Study authors David Ma, a professor in Guelph`s Department of Human Health and Nutritional Sciences, said that their study shows that lifelong exposure to omega-3s had a beneficial role in disease prevention - in this case, breast cancer prevention.

Ma said that health advocates have long believed that diet may significantly help in preventing cancer but epidemiological and experimental studies to back up such claims have been lacking, and human studies have been inconsistent.

For their research, they created a novel transgenic mouse that produced both omega-3 fatty acids and develops aggressive mammary tumours. The team compared those animals to mice genetically engineered only to develop the same tumours.

Mice producing omega-3s developed only two-thirds as many tumours - and tumours were also 30-per-cent smaller - as compared to the control mice.

"The difference can be solely attributed to the presence of omega-3s in the transgenic mice - that`s significant," Ma said.

"The fact that a food nutrient can have a significant effect on tumour development and growth is remarkable and has considerable implications in breast cancer prevention," he added.

The study has been published in the Journal of Nutritional Biochemistry.

Feb 23
New discovery could lead to more effective flu drugs
A discovery could spur a new generation of drugs that would be more effective against the flu virus than current drugs.

The new class of molecular compounds, developed by Simon Fraser University virologist Masahiro Niikura and his doctoral student Nicole Bance, will help develop drugs that the flu virus` strains can`t adapt to, and resist, as easily as Tamiflu, which is becoming less effective against the constantly mutating virus.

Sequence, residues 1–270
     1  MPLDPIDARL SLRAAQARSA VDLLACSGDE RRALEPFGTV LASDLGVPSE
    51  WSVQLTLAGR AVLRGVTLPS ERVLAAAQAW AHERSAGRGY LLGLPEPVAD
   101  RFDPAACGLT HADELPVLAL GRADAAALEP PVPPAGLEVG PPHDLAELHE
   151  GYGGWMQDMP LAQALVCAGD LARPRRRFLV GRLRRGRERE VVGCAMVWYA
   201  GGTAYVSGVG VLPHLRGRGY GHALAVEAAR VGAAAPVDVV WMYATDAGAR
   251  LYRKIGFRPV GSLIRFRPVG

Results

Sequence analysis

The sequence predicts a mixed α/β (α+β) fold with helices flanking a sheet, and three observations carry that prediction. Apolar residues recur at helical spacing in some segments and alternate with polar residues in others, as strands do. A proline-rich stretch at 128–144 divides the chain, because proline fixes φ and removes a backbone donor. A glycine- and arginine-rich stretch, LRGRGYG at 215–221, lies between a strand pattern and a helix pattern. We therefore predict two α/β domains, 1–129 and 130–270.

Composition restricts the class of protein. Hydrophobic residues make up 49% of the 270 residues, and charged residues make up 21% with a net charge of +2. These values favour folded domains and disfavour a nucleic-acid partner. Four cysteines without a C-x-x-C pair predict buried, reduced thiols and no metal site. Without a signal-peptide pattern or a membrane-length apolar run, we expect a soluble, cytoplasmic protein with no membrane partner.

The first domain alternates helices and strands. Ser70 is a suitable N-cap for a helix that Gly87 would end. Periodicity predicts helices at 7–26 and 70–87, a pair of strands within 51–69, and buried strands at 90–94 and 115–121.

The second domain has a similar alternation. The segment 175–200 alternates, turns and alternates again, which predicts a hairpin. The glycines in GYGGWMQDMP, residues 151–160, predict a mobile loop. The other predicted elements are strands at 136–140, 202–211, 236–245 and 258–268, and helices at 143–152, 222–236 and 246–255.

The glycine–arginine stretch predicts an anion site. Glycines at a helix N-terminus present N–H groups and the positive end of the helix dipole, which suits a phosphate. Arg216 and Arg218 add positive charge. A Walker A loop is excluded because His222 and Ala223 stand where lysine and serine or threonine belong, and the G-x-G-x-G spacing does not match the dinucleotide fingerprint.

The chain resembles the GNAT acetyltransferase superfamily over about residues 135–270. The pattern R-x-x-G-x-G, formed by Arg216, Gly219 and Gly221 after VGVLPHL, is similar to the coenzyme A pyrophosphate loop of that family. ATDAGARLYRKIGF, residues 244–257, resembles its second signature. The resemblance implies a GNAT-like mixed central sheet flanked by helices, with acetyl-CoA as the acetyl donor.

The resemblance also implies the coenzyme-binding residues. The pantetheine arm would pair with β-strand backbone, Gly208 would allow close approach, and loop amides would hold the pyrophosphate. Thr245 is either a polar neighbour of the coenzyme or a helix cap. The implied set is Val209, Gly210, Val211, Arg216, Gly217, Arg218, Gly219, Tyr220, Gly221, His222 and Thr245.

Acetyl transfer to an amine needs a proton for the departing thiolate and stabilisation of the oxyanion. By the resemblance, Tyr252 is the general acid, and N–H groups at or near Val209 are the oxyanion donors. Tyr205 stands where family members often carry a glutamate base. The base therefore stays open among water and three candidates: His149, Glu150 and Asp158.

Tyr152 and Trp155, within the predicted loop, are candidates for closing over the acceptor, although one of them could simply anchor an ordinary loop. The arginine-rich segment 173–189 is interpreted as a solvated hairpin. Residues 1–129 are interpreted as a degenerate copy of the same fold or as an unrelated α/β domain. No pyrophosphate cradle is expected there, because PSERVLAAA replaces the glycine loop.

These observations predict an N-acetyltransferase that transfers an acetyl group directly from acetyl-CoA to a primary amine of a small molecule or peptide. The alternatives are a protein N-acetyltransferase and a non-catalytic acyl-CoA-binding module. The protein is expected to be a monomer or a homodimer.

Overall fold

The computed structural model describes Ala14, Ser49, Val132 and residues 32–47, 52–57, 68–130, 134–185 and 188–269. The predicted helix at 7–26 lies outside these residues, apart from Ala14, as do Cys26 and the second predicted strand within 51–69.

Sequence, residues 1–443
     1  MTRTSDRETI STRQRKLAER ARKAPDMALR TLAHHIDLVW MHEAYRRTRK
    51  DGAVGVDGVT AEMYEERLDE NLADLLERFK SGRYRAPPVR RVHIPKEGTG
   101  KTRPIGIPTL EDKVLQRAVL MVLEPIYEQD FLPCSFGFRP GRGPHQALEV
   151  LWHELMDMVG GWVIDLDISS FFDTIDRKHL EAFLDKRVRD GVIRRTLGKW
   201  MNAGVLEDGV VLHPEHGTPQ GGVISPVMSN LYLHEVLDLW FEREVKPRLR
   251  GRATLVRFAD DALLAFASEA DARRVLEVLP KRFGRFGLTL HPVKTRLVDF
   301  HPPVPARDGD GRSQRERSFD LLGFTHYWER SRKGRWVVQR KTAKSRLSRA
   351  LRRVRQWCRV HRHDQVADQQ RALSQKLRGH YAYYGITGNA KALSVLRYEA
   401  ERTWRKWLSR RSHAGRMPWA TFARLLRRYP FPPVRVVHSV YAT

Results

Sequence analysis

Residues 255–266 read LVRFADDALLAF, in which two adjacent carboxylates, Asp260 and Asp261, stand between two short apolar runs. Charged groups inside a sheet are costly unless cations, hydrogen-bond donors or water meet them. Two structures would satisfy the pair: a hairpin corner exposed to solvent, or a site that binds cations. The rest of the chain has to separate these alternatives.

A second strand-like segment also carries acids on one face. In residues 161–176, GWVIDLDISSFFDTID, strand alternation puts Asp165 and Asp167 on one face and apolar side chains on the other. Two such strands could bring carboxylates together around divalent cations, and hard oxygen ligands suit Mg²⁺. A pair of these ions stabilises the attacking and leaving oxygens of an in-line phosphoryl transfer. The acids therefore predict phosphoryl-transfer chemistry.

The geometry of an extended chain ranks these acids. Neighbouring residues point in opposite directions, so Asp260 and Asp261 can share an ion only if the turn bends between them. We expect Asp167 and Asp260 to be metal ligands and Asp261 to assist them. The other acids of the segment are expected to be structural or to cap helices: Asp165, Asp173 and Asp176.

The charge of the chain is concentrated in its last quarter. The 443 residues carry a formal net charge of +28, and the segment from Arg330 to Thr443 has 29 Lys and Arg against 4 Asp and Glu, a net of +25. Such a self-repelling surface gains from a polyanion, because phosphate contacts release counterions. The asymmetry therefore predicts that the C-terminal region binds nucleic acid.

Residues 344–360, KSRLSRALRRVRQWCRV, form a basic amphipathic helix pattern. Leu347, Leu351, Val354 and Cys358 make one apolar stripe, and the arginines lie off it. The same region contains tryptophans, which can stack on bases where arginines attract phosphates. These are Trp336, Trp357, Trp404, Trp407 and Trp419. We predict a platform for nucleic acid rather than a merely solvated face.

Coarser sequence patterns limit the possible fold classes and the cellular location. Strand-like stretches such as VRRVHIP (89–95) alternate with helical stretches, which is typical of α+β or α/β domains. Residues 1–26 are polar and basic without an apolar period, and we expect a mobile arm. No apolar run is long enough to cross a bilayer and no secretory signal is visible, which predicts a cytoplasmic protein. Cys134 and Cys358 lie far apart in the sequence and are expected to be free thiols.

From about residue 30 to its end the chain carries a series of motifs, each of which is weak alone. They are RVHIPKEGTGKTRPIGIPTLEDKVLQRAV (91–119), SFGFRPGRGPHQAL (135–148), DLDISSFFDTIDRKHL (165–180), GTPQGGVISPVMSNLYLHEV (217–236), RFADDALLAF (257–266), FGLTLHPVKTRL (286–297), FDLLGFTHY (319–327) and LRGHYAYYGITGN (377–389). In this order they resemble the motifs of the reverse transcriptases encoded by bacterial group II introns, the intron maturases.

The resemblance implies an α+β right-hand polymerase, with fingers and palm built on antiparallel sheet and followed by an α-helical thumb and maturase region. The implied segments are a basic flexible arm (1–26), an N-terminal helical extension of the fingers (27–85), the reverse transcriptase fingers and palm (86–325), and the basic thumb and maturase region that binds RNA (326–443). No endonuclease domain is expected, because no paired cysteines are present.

Their study reveals how to use their newly-discovered compounds to interrupt the enzyme neuraminidase`s facilitation of the flu`s spread, reports the journal Science Express.

Tamiflu and another flu drug, Relenza, focus on interrupting neuraminidase`s ability to help flu virus detach from an infected cell`s surface by digesting sialic acid, a sugar on the cell surface.

The virus uses the same sugar to stick to the cell while invading it. Once attached, influenza can invade the cell and replicate.

This is where the newly-discovered compounds come to the still-healthy cells` rescue. They clog up neuraminidase, stopping the enzyme from dissolving the sialic acid, which prevents the virus from escaping the infected cell and spreading, according to a Simon Fraser statement.

The new compounds are also more effective because they are water-soluble. "They reach the patient`s throat where the flu virus is replicating after being taken orally," says Niikura, associate professor.

"Influenza develops resistance to Replenza less frequently, but it`s not the drug of choice like Tamiflu because it`s not water-soluble and has to be taken as a nasal spray.

"Our new compounds are structurally more similar to sialic acid than Tamiflu. We expect this closer match will make it much more difficult for influenza to adapt to new drugs," adds Niikura.

Ultimately, the new compounds will buy scientists more time to develop new vaccines for emerging strains of influenza that are resistant to existing vaccines.